A dataset to improve automatic captioning systems

A new dataset can help scientists develop automatic systems that generate richer.


For those with visual impairments, captions describing or explaining charts can increase retention and knowledge of the data they display. They also serve as a more accessible medium. However, present methods for automatically producing such captions find it challenging to describe the perceptual or cognitive features that make charts distinctive.

To address this problem, MIT scientists have introduced VisText, a dataset to improve automatic captioning systems. With the aid of this technology, scientists may train a machine-learning model to adjust the complexity and kind of content in a chart caption in accordance with user requirements.

With VisText, scientists want to work on the thorny problem of chart auto-captioning. These automated solutions could assist in adding captions to online charts that are currently without them, increasing accessibility for those with visual impairments.

Angie Boggust, a graduate student in electrical engineering and computer science at MIT, said, “We’ve tried to embed a lot of human values into our dataset so that when we and other researchers are building automatic chart-captioning systems, we don’t end up with models that aren’t what people want or need.”

VisText is a dataset of charts and associated captions that could be used to train machine-learning models to generate accurate, semantically rich, customizable captions. VisText additionally displays charts as scene graphs to address the drawbacks of using images and data tables. Scene graphs, which may be retrieved from a chart image, feature additional image context and all the chart data.

They created a dataset with more than 12,000 charts. Each displayed as a data table, image, scene graph, and related captions. Each chart has two captions, one at a lower level that defines the building of the chart (such as the axis ranges) and the other at a higher level that discusses statistics, linkages in the data, and complex trends.

The scientists used an automated system to create low-level captions and crowdsourced higher-level captions from human workers.

Fellow graduate student Benny J. Tang said, “Our captions were informed by two key pieces of prior research: existing guidelines on accessible descriptions of visual media and a conceptual model from our group for categorizing semantic content. This ensured that our captions featured important low-level chart elements like axes, scales, and units for readers with visual disabilities while retaining human variability in how captions can be written.”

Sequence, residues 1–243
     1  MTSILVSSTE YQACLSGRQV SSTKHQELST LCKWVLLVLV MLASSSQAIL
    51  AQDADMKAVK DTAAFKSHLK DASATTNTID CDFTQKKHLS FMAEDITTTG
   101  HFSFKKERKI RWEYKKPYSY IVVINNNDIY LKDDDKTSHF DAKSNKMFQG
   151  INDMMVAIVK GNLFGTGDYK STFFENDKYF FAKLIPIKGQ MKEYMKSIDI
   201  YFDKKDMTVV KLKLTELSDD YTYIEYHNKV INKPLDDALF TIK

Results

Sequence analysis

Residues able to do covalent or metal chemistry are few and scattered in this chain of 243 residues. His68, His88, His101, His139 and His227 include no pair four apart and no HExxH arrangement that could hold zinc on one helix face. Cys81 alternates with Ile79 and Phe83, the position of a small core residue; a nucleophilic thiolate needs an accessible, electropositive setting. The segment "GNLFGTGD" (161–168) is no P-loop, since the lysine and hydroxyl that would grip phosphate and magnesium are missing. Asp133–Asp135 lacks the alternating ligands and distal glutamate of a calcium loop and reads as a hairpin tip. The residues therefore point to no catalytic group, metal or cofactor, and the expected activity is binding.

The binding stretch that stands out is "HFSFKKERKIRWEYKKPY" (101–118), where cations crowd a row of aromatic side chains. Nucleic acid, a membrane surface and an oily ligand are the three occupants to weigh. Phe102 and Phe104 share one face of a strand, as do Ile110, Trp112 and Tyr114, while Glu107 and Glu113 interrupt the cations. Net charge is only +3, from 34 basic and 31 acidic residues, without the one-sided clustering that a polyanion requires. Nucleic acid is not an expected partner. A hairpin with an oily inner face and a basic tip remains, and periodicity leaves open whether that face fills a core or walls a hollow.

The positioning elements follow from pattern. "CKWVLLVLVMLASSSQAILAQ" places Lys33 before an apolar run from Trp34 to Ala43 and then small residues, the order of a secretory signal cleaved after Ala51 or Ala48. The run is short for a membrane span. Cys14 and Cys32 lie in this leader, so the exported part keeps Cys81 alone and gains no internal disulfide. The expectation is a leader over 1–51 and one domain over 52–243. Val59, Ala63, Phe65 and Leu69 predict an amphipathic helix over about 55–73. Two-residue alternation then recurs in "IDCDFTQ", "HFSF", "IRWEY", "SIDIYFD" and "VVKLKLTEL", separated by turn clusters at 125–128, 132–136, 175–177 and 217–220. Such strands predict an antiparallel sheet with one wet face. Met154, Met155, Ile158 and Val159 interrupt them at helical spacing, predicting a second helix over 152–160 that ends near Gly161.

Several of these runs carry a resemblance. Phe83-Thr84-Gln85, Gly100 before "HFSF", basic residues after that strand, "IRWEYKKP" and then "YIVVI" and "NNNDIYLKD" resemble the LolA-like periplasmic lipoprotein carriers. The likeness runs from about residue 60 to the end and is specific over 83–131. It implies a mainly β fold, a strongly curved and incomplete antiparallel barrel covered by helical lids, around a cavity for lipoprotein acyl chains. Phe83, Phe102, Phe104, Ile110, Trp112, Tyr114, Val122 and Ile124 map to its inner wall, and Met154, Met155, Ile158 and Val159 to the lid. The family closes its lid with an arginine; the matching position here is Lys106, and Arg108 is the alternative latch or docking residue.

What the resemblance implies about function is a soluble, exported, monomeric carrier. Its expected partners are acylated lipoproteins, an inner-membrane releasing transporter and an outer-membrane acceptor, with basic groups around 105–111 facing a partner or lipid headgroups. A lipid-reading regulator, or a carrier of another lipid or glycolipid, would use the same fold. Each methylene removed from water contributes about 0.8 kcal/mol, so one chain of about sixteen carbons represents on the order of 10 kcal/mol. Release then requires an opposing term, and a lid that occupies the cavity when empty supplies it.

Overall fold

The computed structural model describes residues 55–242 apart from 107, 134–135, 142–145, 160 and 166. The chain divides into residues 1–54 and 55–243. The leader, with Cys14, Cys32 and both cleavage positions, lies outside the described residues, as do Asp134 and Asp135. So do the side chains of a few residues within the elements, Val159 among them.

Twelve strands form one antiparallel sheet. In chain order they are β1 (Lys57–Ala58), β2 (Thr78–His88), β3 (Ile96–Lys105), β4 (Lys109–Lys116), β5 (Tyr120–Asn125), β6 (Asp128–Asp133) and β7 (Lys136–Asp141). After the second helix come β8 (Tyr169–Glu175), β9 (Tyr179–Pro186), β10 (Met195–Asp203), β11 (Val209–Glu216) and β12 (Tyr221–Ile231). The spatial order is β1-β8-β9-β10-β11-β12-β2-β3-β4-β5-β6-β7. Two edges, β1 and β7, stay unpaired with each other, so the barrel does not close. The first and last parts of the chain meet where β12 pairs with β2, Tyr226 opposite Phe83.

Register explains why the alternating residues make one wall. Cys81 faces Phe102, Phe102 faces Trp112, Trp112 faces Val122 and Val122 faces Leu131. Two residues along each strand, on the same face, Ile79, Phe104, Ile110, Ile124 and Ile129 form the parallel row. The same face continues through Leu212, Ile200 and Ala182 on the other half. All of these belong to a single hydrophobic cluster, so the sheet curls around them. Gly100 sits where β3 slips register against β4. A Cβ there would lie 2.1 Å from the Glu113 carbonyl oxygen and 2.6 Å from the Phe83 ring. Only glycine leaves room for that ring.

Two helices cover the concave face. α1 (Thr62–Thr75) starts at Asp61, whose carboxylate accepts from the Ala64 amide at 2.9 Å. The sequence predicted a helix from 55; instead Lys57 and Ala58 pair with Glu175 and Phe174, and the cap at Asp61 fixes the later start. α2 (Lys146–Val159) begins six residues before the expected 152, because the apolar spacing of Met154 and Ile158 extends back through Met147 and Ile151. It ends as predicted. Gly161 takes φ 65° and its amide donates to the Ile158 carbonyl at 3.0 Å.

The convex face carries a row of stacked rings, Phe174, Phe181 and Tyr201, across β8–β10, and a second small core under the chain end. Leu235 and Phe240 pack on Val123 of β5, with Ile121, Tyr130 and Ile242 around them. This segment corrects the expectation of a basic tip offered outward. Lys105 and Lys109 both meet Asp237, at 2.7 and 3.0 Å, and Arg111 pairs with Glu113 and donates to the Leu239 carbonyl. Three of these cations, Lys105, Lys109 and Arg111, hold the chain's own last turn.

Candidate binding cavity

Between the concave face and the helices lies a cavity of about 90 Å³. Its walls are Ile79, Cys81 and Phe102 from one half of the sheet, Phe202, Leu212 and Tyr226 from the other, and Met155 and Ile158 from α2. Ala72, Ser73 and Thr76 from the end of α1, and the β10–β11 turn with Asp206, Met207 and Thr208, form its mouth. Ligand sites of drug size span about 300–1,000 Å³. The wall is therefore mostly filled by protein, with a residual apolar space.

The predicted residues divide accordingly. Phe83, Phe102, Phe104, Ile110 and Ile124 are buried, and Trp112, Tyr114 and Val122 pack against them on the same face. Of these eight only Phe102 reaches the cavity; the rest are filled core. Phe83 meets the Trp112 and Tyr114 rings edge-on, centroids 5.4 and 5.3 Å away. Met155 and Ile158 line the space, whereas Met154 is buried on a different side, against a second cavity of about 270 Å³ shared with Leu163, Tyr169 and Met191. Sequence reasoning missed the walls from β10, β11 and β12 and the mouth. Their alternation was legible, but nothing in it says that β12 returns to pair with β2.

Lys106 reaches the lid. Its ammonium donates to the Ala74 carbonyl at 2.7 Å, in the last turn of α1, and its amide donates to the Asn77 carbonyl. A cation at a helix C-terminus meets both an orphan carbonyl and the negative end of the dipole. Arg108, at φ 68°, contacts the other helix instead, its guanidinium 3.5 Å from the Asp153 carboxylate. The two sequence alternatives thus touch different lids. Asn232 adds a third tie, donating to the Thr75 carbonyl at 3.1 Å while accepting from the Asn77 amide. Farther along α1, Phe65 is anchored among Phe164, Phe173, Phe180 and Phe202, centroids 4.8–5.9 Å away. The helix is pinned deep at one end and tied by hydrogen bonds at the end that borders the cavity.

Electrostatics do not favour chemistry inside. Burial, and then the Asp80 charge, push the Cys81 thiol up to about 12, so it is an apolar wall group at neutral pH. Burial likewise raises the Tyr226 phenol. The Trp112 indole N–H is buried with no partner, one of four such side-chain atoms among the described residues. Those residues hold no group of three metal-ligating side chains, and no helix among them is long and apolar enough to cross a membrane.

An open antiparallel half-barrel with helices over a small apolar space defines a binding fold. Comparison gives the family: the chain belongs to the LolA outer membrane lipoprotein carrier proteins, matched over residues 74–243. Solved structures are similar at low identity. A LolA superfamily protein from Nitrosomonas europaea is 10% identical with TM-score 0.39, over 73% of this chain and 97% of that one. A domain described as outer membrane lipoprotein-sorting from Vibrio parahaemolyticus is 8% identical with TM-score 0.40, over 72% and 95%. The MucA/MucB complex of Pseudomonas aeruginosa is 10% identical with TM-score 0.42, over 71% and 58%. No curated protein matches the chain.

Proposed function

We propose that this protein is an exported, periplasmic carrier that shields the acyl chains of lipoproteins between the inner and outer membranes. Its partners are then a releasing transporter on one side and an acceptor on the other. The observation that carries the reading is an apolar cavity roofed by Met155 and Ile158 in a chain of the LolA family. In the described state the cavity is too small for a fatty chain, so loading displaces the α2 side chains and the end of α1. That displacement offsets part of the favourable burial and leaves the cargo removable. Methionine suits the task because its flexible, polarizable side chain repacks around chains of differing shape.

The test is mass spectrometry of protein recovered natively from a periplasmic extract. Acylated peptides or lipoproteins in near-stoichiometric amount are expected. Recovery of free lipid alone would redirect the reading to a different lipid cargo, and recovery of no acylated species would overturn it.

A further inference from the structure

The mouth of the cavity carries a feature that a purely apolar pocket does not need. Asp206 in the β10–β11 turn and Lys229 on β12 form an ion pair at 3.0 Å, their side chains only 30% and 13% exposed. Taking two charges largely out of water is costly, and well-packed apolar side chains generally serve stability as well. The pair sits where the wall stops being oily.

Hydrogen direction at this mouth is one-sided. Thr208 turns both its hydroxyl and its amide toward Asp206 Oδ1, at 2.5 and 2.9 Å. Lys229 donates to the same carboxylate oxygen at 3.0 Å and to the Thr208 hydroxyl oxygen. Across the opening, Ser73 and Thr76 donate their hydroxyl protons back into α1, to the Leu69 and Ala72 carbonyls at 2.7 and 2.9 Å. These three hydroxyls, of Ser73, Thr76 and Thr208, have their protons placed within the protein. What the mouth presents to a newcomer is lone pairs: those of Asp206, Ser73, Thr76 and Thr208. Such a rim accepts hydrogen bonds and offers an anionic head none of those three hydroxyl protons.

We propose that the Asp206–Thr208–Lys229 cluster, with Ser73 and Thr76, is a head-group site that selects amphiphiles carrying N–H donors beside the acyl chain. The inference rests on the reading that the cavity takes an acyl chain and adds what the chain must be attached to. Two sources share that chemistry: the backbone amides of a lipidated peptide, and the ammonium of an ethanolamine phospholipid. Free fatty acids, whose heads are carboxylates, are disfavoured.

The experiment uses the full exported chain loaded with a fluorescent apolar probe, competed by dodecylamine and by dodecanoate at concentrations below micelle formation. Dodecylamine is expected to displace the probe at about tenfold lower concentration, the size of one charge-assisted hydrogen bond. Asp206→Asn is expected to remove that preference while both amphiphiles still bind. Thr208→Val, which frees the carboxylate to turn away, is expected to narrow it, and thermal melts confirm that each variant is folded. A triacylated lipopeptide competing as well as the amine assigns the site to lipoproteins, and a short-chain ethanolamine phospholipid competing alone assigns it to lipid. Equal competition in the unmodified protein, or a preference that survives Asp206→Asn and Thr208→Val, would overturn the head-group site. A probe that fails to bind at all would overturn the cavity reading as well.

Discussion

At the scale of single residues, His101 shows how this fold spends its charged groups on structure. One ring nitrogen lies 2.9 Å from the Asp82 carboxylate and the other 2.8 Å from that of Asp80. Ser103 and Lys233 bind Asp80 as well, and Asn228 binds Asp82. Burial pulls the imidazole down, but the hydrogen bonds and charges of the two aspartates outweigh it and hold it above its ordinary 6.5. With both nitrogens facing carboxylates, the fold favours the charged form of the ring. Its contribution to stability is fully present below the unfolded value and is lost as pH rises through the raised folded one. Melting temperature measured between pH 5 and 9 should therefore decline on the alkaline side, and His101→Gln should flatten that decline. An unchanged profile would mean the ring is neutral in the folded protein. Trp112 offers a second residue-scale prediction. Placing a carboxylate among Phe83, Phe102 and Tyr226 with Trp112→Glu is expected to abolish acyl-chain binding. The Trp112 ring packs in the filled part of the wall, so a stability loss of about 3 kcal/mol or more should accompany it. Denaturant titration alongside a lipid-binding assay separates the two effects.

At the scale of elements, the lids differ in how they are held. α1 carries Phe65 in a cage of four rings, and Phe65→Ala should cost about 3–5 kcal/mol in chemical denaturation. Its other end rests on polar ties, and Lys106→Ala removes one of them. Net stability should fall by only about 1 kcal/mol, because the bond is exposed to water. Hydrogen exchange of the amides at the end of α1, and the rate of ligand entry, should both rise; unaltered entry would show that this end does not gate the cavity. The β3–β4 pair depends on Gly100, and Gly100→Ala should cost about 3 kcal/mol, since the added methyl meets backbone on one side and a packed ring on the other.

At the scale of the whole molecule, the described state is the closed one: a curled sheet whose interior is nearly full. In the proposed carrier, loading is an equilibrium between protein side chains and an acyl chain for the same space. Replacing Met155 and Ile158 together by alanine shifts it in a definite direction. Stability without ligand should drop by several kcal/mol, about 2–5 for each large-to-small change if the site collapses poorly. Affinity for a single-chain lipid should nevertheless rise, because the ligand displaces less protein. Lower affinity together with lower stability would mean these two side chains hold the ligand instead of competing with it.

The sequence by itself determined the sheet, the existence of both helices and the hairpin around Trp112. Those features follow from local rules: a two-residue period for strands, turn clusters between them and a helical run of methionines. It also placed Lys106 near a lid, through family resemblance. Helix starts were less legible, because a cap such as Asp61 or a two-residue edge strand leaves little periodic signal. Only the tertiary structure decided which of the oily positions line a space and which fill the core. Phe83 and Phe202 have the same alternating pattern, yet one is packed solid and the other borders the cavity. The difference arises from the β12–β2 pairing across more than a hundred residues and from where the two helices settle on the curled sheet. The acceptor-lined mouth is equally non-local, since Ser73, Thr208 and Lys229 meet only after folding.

After collecting chart images and captions, the scientists used VisText to train five machine-learning auto-caption models. They were interested in learning how the quality of the caption varied by the various representations, including the image, data table, and scene graph.

Their findings demonstrated that scene graph-trained models outperformed data table-trained models in performance. The researchers contend that since scene graphs are simpler to derive from current charts, they may be a more helpful representation.

Additionally, they separately trained models using low-level and high-level captions. They were able to teach the model to adjust the intricacy of the caption’s content using a technique known as semantic prefix tuning.

Additionally, they conducted a qualitative analysis of captions created using their top-performing method and identified six categories of frequent mistakes. A directional error, for instance, happens when a model predicts a trend is declining when it is increasing.

Boggust says, “This fine-grained, robust qualitative evaluation was important for understanding how the model made its errors. For example, using quantitative methods, a directional error might incur the same penalty as a repetition error, where the model repeats the same word or phrase. But a directional error could be more misleading to a user than a repetition error. The qualitative analysis helped them understand these types of subtleties.”

“These sorts of errors also expose limitations of current models and raise ethical considerations that researchers must consider as they develop auto-captioning systems.”

Journal Reference:

  1. Benny Tang, Angie Boggust, Arvind Satyanarayan. VisText: A Benchmark for Semantically Rich Chart Captioning. Paper
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